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Technical Paper

Refrigerant Charge Management and Control for Next-Generation Aircraft Vapor Compression Systems

Vapor compression systems (VCS) offer significant benefits as the backbone for next generation aircraft thermal management systems (TMS). For a comparable lift, VCS offer higher system efficiencies, improved load temperature control, and lower transport losses than conventional air cycle systems. However, broad proliferation of VCS for many aircraft applications has been limited primarily due to maintenance and reliability concerns. In an attempt to address these and other VCS system control issues, the Air Force Research Laboratory has established a Vapor Cycle System Research Facility (VCSRF) to explore the practical application of dynamic VCS control methods for next-generation, military aircraft TMS. The total refrigerant mass contained within the closed refrigeration system (refrigerant charge) is a critical parameter to VCS operational readiness. Too much or too little refrigerant can be detrimental to system performance.
Technical Paper

In-situ Charge Determination for Vapor Cycle Systems in Aircraft

The Air Force Research Laboratory (AFRL), in cooperation with the University of Dayton Research Institute (UDRI) and Fairchild Controls Corporation, is operating an in-house advanced vapor compression refrigeration cycle system (VCS) test rig known as ToTEMS (Two-Phase Thermal Energy Management System). This test rig is dedicated to the study and development of VCS control and operation in support of the Energy Optimized Aircraft (EOA) initiative and the Integrated Vehicle ENergy Technology (INVENT) program. Previous papers on ToTEMS have discussed the hardware setup and some of the preliminary data collected from the system, as well as the first steps towards developing an optimum-seeking control scheme. A key goal of the ToTEMS program is to reduce the risk associated with operating VCS in the dynamic aircraft environment.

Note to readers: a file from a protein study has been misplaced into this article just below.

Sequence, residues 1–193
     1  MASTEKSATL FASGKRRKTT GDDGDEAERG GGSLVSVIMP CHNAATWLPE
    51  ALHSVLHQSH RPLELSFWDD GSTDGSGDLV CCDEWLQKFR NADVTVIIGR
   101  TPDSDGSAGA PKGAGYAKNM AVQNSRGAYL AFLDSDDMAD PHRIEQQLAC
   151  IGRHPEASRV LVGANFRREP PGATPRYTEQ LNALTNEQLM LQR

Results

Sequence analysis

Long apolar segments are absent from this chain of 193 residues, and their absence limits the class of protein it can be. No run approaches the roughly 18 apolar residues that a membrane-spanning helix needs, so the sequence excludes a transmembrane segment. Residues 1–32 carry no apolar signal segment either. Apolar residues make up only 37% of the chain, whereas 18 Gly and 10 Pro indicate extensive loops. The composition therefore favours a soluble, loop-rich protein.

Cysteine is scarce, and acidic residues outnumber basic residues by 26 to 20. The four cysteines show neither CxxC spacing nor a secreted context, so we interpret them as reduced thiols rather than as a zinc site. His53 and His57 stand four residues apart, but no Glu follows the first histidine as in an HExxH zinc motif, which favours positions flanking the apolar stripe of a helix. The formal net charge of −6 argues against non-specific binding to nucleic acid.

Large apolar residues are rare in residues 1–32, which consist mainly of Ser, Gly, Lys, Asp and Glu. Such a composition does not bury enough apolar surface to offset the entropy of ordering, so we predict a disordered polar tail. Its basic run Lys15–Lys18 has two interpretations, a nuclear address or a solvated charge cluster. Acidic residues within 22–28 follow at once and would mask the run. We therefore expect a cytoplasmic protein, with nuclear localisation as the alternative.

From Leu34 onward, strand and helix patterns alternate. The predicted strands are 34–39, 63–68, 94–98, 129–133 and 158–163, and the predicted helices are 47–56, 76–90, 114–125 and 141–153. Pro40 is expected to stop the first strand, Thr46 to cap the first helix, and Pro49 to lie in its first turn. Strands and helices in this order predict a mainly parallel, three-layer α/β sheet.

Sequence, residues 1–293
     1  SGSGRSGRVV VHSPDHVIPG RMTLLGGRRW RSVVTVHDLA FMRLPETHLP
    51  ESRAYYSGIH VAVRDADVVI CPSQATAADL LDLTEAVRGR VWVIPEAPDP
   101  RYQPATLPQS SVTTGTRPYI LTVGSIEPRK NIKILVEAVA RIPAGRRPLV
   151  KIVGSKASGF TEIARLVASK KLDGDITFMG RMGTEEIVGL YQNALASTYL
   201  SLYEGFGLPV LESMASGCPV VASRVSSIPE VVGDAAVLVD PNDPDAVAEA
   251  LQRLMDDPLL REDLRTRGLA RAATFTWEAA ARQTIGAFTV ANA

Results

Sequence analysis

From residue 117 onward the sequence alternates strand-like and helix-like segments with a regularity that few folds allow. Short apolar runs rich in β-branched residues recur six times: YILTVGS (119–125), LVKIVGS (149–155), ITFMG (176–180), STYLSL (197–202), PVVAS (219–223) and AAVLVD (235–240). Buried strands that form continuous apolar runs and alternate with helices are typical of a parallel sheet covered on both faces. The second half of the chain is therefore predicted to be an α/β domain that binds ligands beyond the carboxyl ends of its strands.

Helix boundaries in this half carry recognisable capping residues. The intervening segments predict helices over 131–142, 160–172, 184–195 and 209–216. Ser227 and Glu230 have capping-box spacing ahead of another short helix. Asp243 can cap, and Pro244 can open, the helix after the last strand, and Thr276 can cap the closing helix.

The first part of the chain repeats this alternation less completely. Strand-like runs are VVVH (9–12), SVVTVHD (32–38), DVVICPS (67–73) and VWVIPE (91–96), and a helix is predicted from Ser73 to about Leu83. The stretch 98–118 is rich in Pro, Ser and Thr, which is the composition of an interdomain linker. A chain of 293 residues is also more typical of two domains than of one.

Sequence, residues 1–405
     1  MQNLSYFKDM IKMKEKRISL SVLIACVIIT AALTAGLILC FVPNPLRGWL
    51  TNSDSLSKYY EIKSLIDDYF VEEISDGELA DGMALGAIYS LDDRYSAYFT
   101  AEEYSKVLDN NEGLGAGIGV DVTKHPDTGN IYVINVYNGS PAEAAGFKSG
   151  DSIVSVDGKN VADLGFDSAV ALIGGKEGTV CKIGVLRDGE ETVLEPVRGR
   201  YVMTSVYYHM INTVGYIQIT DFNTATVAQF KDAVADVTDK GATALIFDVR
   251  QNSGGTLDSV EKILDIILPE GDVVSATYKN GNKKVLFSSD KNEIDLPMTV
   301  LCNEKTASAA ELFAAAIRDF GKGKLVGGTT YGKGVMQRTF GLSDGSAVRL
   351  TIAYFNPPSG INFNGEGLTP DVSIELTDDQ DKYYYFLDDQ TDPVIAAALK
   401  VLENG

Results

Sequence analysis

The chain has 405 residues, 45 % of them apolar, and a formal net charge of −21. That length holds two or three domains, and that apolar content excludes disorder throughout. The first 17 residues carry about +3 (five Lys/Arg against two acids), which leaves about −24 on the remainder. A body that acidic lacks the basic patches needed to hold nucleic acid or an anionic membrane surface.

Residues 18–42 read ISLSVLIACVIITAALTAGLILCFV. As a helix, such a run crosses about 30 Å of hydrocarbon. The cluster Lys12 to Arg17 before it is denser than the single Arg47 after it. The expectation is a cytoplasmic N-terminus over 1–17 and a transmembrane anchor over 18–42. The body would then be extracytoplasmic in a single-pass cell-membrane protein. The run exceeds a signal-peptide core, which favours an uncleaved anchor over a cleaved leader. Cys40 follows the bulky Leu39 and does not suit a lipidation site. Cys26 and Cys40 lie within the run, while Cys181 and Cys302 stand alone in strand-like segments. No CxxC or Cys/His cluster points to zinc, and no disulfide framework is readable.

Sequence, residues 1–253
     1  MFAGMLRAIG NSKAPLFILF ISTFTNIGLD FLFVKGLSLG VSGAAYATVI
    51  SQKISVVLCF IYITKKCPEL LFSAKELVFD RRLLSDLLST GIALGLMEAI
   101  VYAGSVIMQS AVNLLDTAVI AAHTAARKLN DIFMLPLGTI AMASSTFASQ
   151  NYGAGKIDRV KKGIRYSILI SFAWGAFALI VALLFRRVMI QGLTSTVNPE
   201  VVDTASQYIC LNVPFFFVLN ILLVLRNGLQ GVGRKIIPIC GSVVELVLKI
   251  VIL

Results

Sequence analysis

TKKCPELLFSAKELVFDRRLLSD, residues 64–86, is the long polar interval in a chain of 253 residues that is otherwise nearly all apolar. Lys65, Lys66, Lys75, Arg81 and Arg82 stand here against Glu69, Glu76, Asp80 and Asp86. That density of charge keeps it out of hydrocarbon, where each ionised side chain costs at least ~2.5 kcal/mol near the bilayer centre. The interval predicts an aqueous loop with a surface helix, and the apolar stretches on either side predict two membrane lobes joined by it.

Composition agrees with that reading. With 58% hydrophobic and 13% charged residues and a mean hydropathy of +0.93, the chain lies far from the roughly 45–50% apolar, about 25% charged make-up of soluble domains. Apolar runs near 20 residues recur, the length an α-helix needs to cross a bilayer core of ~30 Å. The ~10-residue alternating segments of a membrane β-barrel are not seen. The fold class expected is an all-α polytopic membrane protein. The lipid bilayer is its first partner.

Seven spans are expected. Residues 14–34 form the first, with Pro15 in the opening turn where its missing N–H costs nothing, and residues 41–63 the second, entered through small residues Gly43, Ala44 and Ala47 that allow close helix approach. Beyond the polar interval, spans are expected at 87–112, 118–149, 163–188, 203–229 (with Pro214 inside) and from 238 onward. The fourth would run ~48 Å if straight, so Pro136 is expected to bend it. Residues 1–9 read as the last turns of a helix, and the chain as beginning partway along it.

Technical Paper

Test Set-up for Electromechanical Actuation Systems for Aircraft Flight Control

An Electromechanical Actuation System (EMAS) are an important component for an all electric Aircraft. EMAS would be lighter and require less system maintenance and operational costs than hydraulic actuators, typically used in aircraft systems. Also, hydraulic actuation systems require a constant power load to maintain hydraulic pressure, whereas EMAS only use power when actuation is needed. The technical challenges facing EMAS for aircraft primary flight control includes jam tolerance, thermal management, wide temperature range, high peak electric power draw, regenerative power, installation volume limit for thin wings, etc. This paper focuses on a laboratory test setup to simulate EMAS flight control environment to test and evaluate three important performance parameters of EMAS; thermal management, transient peak power draw, and regenerative power.
Technical Paper

Cycle-Based Vapor Cycle System Control and Active Charge Management for Dynamic Airborne Applications